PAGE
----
Vietnam strives to ensure smooth export of tra, basa fish hinh anh 1Illustrative photo (Source: VNA)
Hanoi (VNA) – Relevant Vietnamese agencies have been requested to thoroughly study the US’s regulations imposed on Vietnam’s tra and basa fish in order to employ measures to ensure that exports continue.

The task has been placed on the shoulders of the National Agro-Forestry -Fisheries Quality Assurance Department and the International Cooperation Department under the Ministry of Agriculture and Rural Development (MARD) , the Directorate of Fisheries and the Vietnam Association of Seafood Exporters and Producers (VASEP), in the wake of the US Department of Agriculture (USDA)’s recent ruling establishing an inspection programme for fish under the Siluriformes order, including Vietnam’s tra and basa fish.

MARD Minister Cao Duc Phat said the US’s swift implementation of its inspection programme, scheduled for March 2016, will cause a range of difficulties for Vietnamese exporters and managers.

Between now and March 2, the ministry will coordinate with the VASEP to send the US a list of Vietnamese businesses who are keen to continue shipping tra and basa fish to the market.

At the same time, Vietnam will inform the US about its legal system and State management over food safety in tra and basa fish production and processing, as required by the US side, the official said.

According to the Minister, Vietnam will have a transitional period of 18 months, starting from March 2016, during which the country has to prove that its tra and basa fish production management system is similar enough to the US’s.

However, he said, this remains Vietnam’s biggest concern, as its management system is quite different from that of the US.

During this time period, the Southeast Asian nation must overhaul its production and quality inspection processes as demanded by the US, Minister Phat said, adding that relevant Vietnamese agencies have been urged to trace unsuitable and dissimilar regulations and adjust them.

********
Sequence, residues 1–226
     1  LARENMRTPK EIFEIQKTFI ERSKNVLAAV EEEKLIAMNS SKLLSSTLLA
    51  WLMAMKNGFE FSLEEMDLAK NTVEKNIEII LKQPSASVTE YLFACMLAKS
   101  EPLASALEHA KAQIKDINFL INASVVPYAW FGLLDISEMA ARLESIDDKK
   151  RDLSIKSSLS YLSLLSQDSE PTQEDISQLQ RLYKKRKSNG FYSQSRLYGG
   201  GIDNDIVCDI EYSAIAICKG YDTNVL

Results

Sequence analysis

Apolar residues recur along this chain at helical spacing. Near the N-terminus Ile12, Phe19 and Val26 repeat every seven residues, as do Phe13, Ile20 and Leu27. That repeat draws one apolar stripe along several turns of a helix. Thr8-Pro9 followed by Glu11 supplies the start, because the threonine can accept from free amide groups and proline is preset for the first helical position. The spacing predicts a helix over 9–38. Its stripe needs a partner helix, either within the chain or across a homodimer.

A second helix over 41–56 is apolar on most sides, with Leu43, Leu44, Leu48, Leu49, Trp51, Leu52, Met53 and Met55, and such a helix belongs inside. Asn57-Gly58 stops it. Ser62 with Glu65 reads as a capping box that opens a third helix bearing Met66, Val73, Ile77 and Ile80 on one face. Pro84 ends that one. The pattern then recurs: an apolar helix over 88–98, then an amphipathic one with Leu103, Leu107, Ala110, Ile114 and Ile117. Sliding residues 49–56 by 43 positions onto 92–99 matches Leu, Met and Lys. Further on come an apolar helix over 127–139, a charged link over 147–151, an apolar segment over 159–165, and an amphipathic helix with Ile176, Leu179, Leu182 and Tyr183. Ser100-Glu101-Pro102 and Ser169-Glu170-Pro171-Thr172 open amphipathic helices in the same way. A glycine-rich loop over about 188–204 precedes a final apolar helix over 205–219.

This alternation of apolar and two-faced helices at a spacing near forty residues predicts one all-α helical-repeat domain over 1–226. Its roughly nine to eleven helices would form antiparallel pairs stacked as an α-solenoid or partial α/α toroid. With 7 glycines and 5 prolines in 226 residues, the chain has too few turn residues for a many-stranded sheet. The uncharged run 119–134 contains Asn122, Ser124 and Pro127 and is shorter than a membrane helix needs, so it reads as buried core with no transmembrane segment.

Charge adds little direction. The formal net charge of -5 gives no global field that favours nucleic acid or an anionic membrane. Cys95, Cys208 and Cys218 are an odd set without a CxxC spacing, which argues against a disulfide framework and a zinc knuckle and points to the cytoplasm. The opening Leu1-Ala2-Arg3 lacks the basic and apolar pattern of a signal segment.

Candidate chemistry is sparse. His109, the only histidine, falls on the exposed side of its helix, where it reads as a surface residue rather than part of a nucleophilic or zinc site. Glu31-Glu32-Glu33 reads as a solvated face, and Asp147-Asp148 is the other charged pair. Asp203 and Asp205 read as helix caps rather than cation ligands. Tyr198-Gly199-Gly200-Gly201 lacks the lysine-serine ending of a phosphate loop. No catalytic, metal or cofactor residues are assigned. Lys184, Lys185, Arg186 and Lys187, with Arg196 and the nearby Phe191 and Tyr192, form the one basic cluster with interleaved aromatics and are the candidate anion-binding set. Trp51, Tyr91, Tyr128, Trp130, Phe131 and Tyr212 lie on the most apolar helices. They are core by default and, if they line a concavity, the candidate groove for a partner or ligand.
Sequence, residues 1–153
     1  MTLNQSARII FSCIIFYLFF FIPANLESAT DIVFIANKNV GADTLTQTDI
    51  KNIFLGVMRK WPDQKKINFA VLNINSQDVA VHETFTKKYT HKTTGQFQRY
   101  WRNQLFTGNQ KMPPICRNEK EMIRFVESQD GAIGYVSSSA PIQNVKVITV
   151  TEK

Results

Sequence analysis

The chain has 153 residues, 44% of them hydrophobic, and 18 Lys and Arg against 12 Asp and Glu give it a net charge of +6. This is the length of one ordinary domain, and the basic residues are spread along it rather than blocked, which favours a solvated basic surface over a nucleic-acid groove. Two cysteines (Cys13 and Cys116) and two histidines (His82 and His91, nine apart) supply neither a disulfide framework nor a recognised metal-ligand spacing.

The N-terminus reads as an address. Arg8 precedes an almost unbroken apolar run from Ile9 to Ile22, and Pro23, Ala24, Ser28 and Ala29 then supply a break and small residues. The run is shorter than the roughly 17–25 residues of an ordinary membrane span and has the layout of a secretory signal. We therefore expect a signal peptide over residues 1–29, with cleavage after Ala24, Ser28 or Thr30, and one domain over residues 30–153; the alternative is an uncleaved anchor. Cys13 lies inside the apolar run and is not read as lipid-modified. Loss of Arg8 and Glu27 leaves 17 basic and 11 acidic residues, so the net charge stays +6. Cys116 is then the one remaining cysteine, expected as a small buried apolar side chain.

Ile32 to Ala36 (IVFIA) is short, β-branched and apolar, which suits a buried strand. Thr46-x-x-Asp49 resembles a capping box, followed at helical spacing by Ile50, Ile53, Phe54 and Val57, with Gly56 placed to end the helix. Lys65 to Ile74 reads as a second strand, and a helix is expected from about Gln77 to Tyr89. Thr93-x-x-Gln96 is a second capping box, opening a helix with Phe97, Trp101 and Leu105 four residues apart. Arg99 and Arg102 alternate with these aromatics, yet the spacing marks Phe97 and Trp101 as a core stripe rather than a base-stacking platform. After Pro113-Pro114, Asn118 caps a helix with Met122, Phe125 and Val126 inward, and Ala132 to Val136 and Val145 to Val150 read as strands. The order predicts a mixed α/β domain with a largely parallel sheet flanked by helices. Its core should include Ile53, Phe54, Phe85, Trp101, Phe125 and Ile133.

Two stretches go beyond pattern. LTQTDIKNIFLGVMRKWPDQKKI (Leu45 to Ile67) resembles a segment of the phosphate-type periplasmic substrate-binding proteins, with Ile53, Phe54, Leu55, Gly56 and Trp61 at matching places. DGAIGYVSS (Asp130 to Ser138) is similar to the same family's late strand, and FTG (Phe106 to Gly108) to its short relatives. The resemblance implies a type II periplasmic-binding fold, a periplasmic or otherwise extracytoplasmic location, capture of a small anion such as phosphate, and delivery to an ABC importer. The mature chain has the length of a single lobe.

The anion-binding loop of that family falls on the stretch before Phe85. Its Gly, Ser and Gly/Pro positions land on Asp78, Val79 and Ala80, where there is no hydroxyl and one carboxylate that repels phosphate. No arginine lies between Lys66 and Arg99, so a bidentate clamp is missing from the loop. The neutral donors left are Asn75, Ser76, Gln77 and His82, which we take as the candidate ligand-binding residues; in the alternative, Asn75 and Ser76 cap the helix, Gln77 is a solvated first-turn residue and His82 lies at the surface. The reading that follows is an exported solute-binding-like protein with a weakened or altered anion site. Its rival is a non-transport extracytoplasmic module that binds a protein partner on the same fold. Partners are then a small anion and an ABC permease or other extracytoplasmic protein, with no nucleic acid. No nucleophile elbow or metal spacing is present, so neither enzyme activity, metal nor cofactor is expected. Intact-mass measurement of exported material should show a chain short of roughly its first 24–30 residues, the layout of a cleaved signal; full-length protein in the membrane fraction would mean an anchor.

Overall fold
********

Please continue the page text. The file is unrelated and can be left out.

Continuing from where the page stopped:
Vietnam should follow the US’s regulations and standards that are in accordance with international practices and based on scientific evidence, he suggested.

MARD has also conducted direct discussions with the USDA to ease adverse impacts on Vietnam’s production and export of aquatic products to the market, the official noted.

The final rule, released by the USDA's Food Safety and Inspection Service (FSIS) on November 25, will be applied on both locally raised and imported Siluriformes fish.

It was developed in order to implement provisions required by the 2014 Farm Bill. The rule will become effective in March 2016, 90 days after it publishes in the Federal Register .

The agency will conduct extensive outreach to domestic industry and international partners so that they fully understand FSIS' requirements, prior to its full implementation, USDA Deputy Under-Secretary for Food Safety Al Almanza said in the release.

The rule’s effective date of March 2016 begins an 18-month transitional implementation period for both domestic and international producers. On the effective date, all Siluriformes fish, including catfish, will be under the regulatory jurisdiction of FSIS and no longer regulated by the US Food and Drug Administration (FDA).

Before that date, countries currently exporting products to the US who wish to continue doing so must provide a list of establishments that currently export, as well as written documentation of their regulatory authority and compliance with existing FDA import requirements.

During the 18-month transitional period, FSIS will re-inspect and conduct species and residue sampling on imported Siluriformes fish shipments at least quarterly at US import establishments.

According to the Viet Nam Association of Seafood Exporters and Producers (VASEP), Viet Nam will earn an estimated turnover of 950 million USD from tra exports in the second half of this year. With this, the country is expected to make 1.7 billion USD this year, four percent lower than last year.

VASEP said tra exports to the US fell recently when businesses had to pay a high anti-dumping tax of nearly 1 USD per kg, causing difficulties for Vietnamese exporters and American importers.-VNA